Not repurposing influencer content
The mistake: In much the same vein as treating collaborations as one-off things, too many brands send an influencer a product or sponsor a post, only to share it on their own social media feeds and then carry on as if it never existed. Sure, you’ve reached the influencer’s audience, but you’re leaving lots of potential benefits just sitting on the table!
Get it right: If a vlogger has created a tutorial for your product, could your website benefit from having that embedded right on the product page? If the influencer’s slick lifestyle shots make your product look way better than your cut-outs on a white background, can you use those images in your advertising? Of course, be sure to obtain permission or rights to the content from the influencer before you use their content in this way.
Not offering the right compensation
The mistake: Too many brands focus only on what the influencer can do for them, and forget to consider what the influencer is going to get out of the collaboration. Not offering them adequate compensation can come across as insulting, at best blowing your chances of getting them on board with your current campaign and at worst getting the brand ‘outed’ on their various channels as one with a terrible PR approach.
Get it right: Make sure you have something to offer the influencer, and make that your email focus rather than the thing you’re asking for. Ensure too that your compensation is appropriate for the amount of work you’re asking for, and takes into account the quality of the influencer – a relative newbie may be perfectly happy with a free product or an event invite, but if you’re approaching a top blogger in your niche be prepared to pay a fee.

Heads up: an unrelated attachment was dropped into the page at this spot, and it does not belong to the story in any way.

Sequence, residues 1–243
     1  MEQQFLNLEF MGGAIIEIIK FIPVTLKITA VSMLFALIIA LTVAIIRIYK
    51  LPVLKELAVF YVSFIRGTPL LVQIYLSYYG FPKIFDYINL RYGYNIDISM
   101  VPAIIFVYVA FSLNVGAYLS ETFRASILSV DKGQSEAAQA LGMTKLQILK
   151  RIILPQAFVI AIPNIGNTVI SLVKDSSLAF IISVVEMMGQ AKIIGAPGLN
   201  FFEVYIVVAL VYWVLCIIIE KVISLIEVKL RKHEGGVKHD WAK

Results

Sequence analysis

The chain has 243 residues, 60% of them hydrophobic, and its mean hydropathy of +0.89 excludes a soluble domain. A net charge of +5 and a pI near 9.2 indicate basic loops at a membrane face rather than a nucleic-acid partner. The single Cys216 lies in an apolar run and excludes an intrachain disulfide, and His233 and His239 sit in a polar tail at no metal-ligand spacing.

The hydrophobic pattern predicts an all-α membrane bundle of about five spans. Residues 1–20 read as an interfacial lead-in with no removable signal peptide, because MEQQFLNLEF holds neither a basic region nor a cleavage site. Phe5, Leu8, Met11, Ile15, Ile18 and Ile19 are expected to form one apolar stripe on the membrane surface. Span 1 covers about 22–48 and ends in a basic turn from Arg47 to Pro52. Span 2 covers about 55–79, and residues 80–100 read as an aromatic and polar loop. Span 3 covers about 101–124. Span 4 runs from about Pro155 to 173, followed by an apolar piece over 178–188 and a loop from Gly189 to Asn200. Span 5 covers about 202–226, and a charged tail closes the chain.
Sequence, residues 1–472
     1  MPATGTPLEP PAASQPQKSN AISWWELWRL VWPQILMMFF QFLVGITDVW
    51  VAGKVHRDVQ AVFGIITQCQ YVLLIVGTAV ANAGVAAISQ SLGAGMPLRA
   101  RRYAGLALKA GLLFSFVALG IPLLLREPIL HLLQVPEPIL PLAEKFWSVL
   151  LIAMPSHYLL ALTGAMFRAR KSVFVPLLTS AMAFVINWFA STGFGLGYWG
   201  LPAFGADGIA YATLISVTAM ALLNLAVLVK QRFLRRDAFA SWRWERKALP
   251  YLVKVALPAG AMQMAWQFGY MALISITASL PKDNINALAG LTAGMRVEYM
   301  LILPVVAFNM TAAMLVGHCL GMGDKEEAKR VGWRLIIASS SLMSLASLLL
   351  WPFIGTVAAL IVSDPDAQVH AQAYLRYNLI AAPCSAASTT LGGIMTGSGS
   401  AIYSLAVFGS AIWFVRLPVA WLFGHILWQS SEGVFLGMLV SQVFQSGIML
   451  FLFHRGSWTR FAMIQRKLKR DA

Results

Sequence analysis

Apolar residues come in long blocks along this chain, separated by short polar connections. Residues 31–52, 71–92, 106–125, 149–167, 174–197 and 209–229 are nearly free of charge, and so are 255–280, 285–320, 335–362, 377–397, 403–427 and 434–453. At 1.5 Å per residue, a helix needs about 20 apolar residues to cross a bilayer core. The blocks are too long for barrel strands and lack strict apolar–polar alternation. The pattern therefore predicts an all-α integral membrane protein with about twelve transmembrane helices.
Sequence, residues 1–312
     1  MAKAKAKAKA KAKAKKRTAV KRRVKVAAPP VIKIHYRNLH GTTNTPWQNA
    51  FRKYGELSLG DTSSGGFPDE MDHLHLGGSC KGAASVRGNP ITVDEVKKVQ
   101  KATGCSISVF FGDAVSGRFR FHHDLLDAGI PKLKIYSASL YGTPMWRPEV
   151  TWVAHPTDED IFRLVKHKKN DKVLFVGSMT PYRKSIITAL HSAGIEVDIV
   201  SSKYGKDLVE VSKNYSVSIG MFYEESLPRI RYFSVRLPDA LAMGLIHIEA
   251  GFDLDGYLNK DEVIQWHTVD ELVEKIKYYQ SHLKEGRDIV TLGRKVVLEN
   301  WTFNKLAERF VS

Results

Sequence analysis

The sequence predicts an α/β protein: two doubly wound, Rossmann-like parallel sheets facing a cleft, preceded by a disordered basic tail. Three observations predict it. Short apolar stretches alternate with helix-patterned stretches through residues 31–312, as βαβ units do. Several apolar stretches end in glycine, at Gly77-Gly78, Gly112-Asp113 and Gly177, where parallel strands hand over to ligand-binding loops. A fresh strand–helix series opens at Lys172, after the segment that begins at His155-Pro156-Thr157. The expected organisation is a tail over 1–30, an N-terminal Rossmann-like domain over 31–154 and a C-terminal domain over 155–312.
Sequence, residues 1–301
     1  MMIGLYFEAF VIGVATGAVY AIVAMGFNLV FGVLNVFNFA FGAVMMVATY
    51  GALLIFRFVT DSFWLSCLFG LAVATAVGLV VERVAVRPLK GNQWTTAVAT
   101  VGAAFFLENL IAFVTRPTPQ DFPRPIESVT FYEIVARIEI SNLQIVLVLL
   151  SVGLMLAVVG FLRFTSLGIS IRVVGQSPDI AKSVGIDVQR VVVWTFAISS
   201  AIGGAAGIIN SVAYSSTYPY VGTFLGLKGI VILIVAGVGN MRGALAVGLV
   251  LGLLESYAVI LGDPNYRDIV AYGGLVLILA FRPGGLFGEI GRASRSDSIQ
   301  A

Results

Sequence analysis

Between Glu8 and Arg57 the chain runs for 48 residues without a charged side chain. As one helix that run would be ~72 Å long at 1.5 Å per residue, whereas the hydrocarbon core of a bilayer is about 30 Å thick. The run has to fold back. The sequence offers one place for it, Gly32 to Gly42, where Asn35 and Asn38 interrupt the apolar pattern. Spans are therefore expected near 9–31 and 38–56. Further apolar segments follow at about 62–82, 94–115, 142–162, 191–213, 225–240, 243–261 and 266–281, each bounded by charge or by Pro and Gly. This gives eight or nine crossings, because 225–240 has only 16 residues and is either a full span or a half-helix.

Equating ‘influencer’ with ‘blogger’
The mistake: Yes, bloggers can be influencers. But they’re only one type! If you’re operating in a niche industry and can’t find many blogs on the topic, don’t give up – look elsewhere. Also, even if your chosen influencer has a blog, don’t automatically assume that that’s the best place for your content to be published.
Get it right: YouTubers, Snapchatters, Instagrammers, podcasters… there are so many types of influencer besides bloggers, so find out where your audience is hanging out online and target the popular content-producers there. And if you’ve found a blogger who’s a good match but whose Instagram account gets far more reach and engagement than their blog, ask yourself, do I really need them to publish a blog post? An Instagram-only collaboration may cost much less but reach almost as many people.
Being lax about enforcing disclosure
The mistake: Depending on which study you read, readers do or don’t trust sponsored content. However what’s definitely true is that the majority of readers feel deceived when they find out after consuming content that it was sponsored. It can be tempting to ask the influencer not to disclose the partnership, but the risks are high – not only does it go against ASA guidelines, which they are not shy of publicly enforcing, but being ‘found out’ can lead to negative press and angry fans who feel they’ve been misled.
Get it right: Insisting on a clear disclosure of the partnership is the legal thing to do. If you choose influencers producing excellent quality, interesting content that people actually want to look at and engage with, and ensure that the end result comes across as authentic (see above), then the fact it’s a brand collaboration shouldn’t make a difference.